In the first halves of the last three home games, Rodgers has thrown 11 touchdown passes and helped the team take a cumulative 98-3 lead. Those quick starts have meant early exits, which have kept him out of harm’s way but prevented him from putting up even bigger stats. His passer ratings of 154.5 vs. Carolina, 145.8 vs. Chicago and 138.7 vs. Minnesota represent three of the 12 best single-game ratings of his career.

“It’s tough to do that,” Rodgers said. “It’s tough to execute like that against a defense. It takes the entire team to get those kind of leads. We’ve got a great atmosphere at our home games, and it’s a bonus with the crowd with the noise they can create. The opportunity to not have to signal as much on offense and maybe go a little quicker helps, but you still have to execute. It’s tough to do that. It’s the National Football League and those are good opponents. We were just able to get up on them early and put them away.”

— Lacy is so much more than a running back. Not only does he rank second in the NFL in yards after the catch per catch (11.5; behind Sproles’ league-leading 12.4), according to league data, but he’s one of just a handful of regulars in the backfield who haven’t allowed a sack or quarterback pressure, according to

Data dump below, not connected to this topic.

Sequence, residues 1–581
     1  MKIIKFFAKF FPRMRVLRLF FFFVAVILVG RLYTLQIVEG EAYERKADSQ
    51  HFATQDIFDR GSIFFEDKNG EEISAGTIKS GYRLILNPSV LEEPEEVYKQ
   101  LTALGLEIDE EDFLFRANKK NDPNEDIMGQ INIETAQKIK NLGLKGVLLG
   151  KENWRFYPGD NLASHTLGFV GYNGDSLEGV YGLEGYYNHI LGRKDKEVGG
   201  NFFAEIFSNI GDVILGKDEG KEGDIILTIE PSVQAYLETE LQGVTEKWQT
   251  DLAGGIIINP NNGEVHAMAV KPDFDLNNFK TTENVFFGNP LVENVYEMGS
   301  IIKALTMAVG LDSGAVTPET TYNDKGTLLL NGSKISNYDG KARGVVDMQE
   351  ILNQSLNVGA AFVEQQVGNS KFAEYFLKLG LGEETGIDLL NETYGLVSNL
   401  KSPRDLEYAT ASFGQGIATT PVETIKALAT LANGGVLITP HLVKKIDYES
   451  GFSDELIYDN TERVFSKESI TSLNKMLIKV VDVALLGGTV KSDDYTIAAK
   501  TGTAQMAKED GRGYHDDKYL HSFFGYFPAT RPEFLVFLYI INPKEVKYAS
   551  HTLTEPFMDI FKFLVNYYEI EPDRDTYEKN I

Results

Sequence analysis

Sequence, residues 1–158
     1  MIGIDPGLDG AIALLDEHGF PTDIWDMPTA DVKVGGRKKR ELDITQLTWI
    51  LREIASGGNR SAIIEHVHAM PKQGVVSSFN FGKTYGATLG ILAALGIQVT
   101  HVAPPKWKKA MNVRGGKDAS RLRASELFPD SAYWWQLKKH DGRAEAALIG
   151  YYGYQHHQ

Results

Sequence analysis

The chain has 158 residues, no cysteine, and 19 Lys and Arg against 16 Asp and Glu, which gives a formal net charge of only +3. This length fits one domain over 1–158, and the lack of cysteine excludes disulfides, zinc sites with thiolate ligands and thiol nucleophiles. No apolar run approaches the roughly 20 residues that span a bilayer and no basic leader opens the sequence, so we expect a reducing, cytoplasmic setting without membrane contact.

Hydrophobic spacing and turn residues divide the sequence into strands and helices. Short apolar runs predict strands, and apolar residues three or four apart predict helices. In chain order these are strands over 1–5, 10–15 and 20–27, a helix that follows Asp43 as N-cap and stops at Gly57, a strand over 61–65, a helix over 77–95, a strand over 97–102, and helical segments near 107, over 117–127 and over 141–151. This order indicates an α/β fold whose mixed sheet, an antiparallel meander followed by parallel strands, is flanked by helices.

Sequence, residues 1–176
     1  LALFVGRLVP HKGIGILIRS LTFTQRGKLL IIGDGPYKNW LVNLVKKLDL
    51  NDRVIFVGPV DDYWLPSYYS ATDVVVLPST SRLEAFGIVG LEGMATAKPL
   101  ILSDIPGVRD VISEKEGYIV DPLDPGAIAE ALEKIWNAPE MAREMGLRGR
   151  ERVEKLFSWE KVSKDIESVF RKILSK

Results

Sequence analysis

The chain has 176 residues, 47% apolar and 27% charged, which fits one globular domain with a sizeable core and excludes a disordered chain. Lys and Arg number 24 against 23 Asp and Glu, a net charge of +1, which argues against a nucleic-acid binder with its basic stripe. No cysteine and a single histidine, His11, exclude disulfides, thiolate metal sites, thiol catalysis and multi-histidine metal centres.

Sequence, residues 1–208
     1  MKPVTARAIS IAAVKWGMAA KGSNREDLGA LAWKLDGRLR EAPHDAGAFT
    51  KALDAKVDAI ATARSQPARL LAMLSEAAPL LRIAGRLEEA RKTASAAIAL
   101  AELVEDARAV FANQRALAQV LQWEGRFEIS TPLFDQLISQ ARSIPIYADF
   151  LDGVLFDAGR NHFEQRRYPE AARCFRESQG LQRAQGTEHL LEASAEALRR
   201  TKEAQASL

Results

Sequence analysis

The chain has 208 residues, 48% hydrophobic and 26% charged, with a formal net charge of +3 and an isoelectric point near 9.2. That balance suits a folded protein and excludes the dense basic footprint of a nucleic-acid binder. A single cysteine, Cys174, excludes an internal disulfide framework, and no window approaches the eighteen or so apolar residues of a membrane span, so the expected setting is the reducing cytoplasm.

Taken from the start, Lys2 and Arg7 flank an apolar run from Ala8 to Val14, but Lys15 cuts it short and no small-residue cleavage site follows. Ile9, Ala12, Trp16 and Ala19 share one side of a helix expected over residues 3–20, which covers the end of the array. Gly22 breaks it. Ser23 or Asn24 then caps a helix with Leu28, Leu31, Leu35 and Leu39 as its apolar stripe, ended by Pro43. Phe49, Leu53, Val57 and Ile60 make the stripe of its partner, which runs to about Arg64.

“That sounds exactly right,” Gash said. “That’s the No. 1 rule to me as a running back is 100 percent ball security and the next thing is to take care of the quarterback. Everything else will fall into place if you can be in the right spot to take care of the quarterback. Protect the quarterback, then you can play in this league. If you can’t protect the quarterback, then you can’t play in this league.”

Lacy allowed only three pressures (no sacks) last year, according to PFF. It certainly helps that, at 230 pounds, he’s not going to get run over by a hard-charging linebacker. Picking up the blitz, first and foremost, starts before the snap.

“It’s more mental than physical because you’ve got to know who’s coming and what kind of rusher they are, and then once you figure that out, then the rest of it is the physical part of stopping him from getting to the quarterback,” Lacy said. “I wasn’t always a good pass protector, especially in high school, but being at Alabama, they really taught me to pass block really well. I just had to take it to this level and continue to improve.”